Here's another link that solidifies the connections in my sleep-breathing paradigm: Researchers found that people who have pulmonary embolism (PE) have a much higher change of having undiagnosed obstructive sleep apnea. Pulmonary embolism is a condition where blood clots from your lower legs or other parts of your body travel into your lungs and get stuck, preventing you from breathing properly. In their study of hospitalized patients suspected of having pulmonary embolism, those that were found to have pulmonary embolism were more likely to snore (75% vs, 50%) and have obstructive sleep apnea (65% vs. 36%) compared with those that did not have pulmonary embolism. PE was found to be independently associated with the risk of obstructive sleep apnea (odds ratio = 2.78).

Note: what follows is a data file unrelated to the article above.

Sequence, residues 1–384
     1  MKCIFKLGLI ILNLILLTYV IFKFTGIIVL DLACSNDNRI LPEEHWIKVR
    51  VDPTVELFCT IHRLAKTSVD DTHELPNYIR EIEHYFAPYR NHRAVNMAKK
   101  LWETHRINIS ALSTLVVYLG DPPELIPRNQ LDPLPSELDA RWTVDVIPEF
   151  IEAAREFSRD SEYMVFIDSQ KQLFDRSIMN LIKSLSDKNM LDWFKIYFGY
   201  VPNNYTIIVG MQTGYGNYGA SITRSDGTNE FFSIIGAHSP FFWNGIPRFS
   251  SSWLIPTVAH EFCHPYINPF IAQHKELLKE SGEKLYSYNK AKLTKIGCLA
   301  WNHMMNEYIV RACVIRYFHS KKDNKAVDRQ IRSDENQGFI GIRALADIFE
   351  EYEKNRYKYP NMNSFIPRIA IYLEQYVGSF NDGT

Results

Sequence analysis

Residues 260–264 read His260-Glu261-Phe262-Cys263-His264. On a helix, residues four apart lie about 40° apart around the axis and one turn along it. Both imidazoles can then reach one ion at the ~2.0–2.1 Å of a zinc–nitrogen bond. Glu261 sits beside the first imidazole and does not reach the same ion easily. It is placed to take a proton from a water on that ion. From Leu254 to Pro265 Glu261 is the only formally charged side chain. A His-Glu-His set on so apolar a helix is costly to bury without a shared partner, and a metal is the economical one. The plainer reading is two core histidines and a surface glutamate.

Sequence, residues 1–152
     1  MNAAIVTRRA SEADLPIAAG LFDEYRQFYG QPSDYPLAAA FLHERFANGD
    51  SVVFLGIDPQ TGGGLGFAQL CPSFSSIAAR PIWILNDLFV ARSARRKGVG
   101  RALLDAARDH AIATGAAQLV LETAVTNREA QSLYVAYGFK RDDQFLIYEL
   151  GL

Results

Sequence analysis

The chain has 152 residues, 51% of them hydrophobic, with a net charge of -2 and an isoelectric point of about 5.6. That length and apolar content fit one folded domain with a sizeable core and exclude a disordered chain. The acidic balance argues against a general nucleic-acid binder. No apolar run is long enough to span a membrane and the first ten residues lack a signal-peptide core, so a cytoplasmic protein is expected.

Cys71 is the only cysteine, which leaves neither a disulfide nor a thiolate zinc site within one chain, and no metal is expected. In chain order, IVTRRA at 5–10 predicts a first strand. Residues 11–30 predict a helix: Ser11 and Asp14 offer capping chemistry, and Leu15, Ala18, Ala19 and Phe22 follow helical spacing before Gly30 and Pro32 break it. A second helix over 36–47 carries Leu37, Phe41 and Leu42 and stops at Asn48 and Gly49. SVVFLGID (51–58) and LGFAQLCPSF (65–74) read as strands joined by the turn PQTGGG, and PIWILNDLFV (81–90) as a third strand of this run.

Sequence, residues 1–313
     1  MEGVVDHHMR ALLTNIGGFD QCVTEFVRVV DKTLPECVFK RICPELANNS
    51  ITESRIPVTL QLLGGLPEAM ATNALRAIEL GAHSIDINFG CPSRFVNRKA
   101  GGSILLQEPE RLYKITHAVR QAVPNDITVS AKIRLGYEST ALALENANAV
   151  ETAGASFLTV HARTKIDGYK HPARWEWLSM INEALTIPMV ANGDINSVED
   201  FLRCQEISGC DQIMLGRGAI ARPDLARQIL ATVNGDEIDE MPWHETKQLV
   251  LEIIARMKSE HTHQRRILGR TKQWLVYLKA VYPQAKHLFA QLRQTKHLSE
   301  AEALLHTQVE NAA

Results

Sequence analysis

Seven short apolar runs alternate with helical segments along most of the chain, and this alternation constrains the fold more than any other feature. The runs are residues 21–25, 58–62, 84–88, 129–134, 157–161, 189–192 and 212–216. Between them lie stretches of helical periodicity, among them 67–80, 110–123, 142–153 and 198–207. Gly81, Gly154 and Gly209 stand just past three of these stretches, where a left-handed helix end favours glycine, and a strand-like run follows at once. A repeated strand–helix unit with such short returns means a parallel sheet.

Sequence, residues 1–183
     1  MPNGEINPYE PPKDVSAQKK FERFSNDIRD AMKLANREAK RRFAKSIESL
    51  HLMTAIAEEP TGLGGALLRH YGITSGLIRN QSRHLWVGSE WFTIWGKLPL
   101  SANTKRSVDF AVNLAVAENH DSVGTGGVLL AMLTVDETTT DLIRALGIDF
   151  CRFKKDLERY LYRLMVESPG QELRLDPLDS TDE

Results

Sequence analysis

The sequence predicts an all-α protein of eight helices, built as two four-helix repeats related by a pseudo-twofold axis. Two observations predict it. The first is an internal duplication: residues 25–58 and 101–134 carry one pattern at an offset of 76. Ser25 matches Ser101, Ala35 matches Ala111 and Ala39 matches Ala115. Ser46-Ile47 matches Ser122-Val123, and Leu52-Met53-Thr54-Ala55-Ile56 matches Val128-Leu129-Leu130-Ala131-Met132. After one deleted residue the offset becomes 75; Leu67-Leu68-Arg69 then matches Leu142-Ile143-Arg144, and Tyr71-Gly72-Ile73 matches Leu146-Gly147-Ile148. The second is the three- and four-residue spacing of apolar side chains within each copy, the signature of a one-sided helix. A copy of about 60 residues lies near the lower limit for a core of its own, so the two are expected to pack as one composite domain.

All this makes sense, since we know that obstructive sleep apnea creates conditions in your bloodstream that promotes stagnation, inflammation, and clotting. In addition, we also know that the blood itself in sleep apnea patients are much thicker (viscous), making it easier to clot when stagnant.
With sleep apnea, there are various levels of potential clotting, from larger vessels like the carotid artery and deep veins in the legs, to to small vessels in the gut or in the brain.
If you know anyone who suffered from a pulmonary embolus, does that person snore?
I suffered severe pulmonary embolism including collapse and infarction in my right lung, requiring aggressive treatment with catheter directed thrombolysis. According to my husband I never snored prior to PE and I had no sleeping problems. In the three years since PE, I frequently wake myself up snoring and have a lot of trouble sleeping with regular periods of waking during the night and not being able to sleep again. In my case it seems the snoring is more a result of the PE, not the reverse.